Guys and Dolls
Guys and Dolls is a musical with music and lyrics by Frank Loesser and book by Jo Swerling and Abe Burrows. It is based on “The Idyll of Miss Sarah Brown” and “Blood Pressure”, two short stories by Damon Runyon, and also borrows characters and plot elements from other Runyon stories, most notably “Pick the Winner.” Premiering on Broadway in 1950, it ran for 1,200 performances and won the Tony Award for Best Musical, and has had several Broadway revivals as well as West End productions.
Cast & Creative
|Sky Masterson||Chris Alaru|
|Benny Southstreet||Chris Morris|
|Nathan Detroit||Steve Green|
|Nicely Nicely Johnson||Carl Smith|
|Miss Adelaide||Kerry Magee|
|Lieutenant Brannigan||Nigel Cole|
|Hot Box Dancer||Louise Vinter|
|Mission Band||Lizzie Brignall|
|Mission Band||Janet Simpson|
|Assistant Director||Edz Barrett|
|Musical Director||Martin Wilcox|
|Executive Choreographer||Melanie Edwards|
|Production Manager||Lottie Walker|
|Production, Set Design & Build||Wesley Henderson-Roe|
Reviews & Awards
National Operatic & Dramatic Association London Region
Seizing the opportunity of the gloriously fine weather and our presence only seven miles past the other end of Cornwall and discovering that there might be returned tickets available on the day for BROS’s sold-out production, my wife and I decided that we could risk a visit to renew our memories of the open-air cliff-side arena which is the Minack Theatre just outside Porthcurno, and found ourselves with ideal seats about four rows back from the versatile stage area. A glance at the programme showed that we had last seen them there in 1999 for Anything Goes, although as we remember the weather then the first Act might have been better described as Singin’ in the Rain. Happily the 2011 weather remained ideal, with no noise from planes or boats to mar our enjoyment.
The programme seemed a little apologetic about the inability of the Company to display the spectacular scenery they would have used in a normal theatre, although what better spectacle could one have than the Cornish sea coast in the evening sunlight, and the New York location of most of the action was nicely indicated by a cut-out of the Chrysler Building with two very large dice not only giving a clue to the nature of the story but converting as different faces were revealed into the newspaper stall, the Hot Box nightclub and the sign to welcome us to Havana, while a revolving header sign to a prominent entrance and some clever elasticated noticeboard covers made similar
changes to the other side of the wide sweep of the stage where the Mission Hall normally lodged. And when what had appeared to be part of the solid concrete of the stage later revealed a manhole cover and gamblers disappearing down it shortly arrived through a drain into the green-fogged sewer for their underground game, no one could have wished for a better setting. First congratulations then to the scenery designers as realised by Jill Wilson and constructed by Chris Pike and Cast Members, and to the Stage Team under SM Drew Barnes, constantly shifting furniture (often while a scene continued, especially for the three separate night clubs shown in the Havana sequence) and to the well-drilled cast members assisting in the more major changes. Second congrats to everyone involved in the Sound Design and Operation under Stuart Vaughan, which enabled the whole cast to get their words heard clearly throughout the show.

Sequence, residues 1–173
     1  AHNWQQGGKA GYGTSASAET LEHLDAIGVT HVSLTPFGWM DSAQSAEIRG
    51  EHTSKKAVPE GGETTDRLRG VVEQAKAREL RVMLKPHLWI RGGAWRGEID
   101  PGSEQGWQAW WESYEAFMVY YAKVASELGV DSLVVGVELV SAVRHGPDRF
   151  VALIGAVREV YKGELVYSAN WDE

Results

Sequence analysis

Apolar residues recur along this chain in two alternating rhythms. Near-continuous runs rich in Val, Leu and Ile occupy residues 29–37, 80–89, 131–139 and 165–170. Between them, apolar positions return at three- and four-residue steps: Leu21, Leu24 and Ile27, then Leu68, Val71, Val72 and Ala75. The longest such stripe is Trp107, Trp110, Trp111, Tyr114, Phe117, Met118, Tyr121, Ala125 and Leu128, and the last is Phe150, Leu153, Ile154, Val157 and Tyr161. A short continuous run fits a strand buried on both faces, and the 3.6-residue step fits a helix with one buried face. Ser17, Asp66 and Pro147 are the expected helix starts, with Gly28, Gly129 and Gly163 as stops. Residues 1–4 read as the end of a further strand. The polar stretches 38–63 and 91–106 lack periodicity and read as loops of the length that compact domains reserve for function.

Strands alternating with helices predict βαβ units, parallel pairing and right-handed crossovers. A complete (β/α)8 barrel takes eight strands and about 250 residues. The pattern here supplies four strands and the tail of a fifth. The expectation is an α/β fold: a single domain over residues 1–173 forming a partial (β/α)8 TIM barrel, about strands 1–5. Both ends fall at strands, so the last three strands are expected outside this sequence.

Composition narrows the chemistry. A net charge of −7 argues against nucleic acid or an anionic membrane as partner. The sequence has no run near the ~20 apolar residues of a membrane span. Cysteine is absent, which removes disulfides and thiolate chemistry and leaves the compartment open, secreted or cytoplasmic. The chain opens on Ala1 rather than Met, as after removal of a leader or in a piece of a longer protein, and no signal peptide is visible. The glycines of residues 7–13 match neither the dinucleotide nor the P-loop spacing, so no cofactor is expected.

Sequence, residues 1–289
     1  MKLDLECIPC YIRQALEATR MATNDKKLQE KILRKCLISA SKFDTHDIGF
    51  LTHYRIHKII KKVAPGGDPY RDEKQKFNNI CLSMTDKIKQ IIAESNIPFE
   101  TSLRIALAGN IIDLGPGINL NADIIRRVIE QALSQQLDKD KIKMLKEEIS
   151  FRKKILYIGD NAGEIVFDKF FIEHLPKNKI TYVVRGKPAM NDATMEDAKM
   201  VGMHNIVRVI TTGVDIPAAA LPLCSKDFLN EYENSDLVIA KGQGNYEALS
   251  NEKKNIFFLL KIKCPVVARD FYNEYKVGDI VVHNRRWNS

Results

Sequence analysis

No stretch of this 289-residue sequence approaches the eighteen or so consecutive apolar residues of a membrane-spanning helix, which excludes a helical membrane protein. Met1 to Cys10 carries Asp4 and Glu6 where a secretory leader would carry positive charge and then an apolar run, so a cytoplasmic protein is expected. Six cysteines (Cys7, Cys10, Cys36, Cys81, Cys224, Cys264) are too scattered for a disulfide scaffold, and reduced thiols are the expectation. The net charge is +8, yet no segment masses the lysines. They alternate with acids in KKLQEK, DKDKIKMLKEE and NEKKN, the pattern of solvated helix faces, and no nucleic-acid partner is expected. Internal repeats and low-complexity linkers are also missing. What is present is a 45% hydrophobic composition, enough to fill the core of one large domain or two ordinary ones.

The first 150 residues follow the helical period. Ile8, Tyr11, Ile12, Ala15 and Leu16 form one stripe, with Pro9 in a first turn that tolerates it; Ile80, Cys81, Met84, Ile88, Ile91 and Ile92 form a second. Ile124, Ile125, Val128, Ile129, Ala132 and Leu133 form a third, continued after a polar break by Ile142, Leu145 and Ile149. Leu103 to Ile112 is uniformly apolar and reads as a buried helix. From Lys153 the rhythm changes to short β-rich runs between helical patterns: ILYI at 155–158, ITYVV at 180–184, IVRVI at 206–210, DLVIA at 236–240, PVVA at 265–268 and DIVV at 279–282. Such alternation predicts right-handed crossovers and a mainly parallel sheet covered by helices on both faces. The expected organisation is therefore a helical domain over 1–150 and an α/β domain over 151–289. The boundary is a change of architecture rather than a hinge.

The balance and subtlety needs no further illustration than the Fugue for Tinhorns opening, where each of the three interweaving parts achieved prominence at the appropriate times and faded again to give that prominence to another. For the confidence with which this and the rest of the music was performed by the cast, congratulations also to MD Martin Wilcox for training in rehearsal and control during performance, where his band excelled whether accompanying, underscoring or covering changes. With the first Act performed in glorious sunlight, the lighting team and the riggers did not cross my mind, except to admire the nerve of them all with lights and crew perched precariously (it seemed) on rock outcrops, and (as a tribute to Rob Arundel’s super design) I didn’t notice the gradual transition from natural to artificial light until scene changes took place in semi-darkness. Equal expertise from the Costume Team under Wardrobe Mistress Wendy Godwin, with everything seeming right (including the more substantial Take Back Your Mink costumes needed for playing in the open air), and from the Hair, Wigs and Make-Up team (Design by Louise Turnbull) with fine contrasts between the Missioners and other characters.